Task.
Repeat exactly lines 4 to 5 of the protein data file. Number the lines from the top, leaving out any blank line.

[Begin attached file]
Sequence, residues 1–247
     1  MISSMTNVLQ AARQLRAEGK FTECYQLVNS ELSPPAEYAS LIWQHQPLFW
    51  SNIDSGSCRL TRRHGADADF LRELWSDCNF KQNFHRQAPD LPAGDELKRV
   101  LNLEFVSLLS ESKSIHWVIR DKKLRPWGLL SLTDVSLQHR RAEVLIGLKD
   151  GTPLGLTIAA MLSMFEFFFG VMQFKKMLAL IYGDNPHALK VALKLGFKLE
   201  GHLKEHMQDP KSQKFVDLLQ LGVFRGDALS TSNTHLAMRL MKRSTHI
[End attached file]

   101  LNLEFVSLLS ESKSIHWVIR DKKLRPWGLL SLTDVSLQHR RAEVLIGLKD
   151  GTPLGLTIAA MLSMFEFFFG VMQFKKMLAL IYGDNPHALK VALKLGFKLE